When the electronics industry shifted to lead-free solder in the wake of the European Union passing the Restriction on Hazardous Substances (RoHS) directive, naysayers predicted a wave of product failures. Well, where are the failures?
Dr. Ronald Lasky, Dartmouth professor of engineering and a frequent blogger on solder, claims the transition to lead-free was a grand success. “A lot of people claim that lead-free solder is not as reliable as lead-based solder,” Lasky told me. “We’re now five years into the implementation of RoHS, and we’ve made $3 trillion work of electronic. We haven’t really noticed any big change in reliability.”
He says long-term reliability is still a mystery, since most of the products with lead-free solder have not been deployed that long. Yet he points to benefits of today’s solders, noting they are easier to mass-produce when pitches are tight. When high-density semiconductors are packaged in small form factors, using lead-free solder can result in boards with fewer problems. “Lead-free solder doesn’t wet well, so you can get better lead spacing,” Lasky says.
He notes a study by Motorola where design engineers built identical boards with lead-based and lead-free solder. The results showed that leads printed close together shorted out when lead solder flowed during melting.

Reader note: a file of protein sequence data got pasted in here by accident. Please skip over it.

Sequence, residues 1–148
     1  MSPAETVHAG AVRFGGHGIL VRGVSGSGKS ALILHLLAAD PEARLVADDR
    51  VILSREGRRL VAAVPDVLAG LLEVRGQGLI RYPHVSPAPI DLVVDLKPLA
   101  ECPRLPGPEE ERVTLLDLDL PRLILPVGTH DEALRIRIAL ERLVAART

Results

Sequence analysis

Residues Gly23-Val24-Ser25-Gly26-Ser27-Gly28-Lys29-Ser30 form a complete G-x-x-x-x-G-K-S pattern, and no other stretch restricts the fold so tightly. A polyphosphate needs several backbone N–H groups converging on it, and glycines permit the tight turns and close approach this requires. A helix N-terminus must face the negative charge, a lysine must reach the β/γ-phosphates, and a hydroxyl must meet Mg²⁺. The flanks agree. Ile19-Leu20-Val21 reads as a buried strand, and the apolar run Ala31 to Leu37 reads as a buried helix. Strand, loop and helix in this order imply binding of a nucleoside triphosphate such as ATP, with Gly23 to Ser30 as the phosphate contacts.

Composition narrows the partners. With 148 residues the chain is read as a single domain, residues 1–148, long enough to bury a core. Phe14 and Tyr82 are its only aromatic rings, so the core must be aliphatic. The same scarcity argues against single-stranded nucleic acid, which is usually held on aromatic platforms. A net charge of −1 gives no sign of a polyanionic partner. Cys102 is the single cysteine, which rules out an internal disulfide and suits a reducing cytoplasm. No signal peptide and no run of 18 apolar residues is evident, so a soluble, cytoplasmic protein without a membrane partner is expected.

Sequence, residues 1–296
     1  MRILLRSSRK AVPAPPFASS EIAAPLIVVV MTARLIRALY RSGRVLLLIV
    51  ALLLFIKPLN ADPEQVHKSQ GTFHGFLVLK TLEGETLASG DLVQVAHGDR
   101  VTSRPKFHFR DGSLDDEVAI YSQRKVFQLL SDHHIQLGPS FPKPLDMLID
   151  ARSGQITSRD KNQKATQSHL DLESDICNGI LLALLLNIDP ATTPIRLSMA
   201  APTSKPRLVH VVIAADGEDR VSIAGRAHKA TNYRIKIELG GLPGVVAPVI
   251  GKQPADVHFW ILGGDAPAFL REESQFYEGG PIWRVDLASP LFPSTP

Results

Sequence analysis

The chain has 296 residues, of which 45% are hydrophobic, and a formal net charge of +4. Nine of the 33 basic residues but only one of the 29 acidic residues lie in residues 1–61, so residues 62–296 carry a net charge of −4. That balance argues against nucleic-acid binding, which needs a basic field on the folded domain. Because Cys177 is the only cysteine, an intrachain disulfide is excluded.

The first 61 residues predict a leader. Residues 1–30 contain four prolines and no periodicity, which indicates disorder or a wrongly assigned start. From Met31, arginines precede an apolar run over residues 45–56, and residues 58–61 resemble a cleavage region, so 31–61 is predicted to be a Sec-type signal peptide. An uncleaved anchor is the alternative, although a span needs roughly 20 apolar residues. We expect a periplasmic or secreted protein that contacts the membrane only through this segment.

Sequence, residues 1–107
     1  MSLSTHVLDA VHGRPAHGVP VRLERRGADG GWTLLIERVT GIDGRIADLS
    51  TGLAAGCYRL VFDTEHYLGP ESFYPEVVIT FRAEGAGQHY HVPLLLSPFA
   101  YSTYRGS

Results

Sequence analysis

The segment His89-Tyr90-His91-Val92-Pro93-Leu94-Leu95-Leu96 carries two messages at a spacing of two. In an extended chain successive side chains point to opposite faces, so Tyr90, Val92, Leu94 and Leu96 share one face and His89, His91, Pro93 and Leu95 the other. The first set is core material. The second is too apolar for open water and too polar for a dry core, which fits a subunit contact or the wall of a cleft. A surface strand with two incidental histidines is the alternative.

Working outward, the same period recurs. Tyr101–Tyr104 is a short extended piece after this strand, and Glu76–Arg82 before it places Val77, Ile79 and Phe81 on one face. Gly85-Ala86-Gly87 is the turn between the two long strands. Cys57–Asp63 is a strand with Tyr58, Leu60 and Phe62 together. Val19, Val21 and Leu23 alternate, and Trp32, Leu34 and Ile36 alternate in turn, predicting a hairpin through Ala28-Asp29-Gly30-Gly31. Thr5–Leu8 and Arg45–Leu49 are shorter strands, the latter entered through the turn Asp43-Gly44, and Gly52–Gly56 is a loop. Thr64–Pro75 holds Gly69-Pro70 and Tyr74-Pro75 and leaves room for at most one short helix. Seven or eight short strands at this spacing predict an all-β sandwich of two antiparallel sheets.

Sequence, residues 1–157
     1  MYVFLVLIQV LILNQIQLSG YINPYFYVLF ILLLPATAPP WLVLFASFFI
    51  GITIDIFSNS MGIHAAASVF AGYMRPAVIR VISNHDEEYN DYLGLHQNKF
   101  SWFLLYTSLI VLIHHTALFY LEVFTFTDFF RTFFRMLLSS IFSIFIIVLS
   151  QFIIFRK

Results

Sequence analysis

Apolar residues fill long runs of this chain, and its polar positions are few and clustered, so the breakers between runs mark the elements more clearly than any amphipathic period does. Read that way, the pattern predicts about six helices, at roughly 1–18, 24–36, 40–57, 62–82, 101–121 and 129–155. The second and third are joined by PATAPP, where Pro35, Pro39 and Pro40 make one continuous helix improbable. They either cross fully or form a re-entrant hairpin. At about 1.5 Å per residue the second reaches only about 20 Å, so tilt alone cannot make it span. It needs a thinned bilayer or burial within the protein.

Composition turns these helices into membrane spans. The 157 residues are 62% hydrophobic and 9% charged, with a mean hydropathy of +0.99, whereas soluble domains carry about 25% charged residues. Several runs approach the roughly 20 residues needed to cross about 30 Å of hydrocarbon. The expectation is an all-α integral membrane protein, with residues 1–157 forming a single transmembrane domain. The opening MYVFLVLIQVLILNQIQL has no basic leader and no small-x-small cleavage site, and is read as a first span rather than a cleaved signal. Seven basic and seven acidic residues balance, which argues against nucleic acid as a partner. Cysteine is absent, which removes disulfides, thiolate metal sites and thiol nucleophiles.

Lasky concedes that high temperatures needed to melt lead-free solder have created some problems. “Moisture sensitivity is a big issue that’s often overlooked,” he says. “Much of the moisture research was done for lead-based temperatures, not the higher temperatures of lead-free processes.”
He explains that if you have a moisture rating of four for lead, it might be five or six at lead-free temperatures. “This new situation can cause problems such as popcorning, as well as board warpage.”
Lasky will discuss many of the facets of designing and processing boards using lead-free technologies during the IPC Midwest conference on September 21 and 22 in Shaumburg, Ill.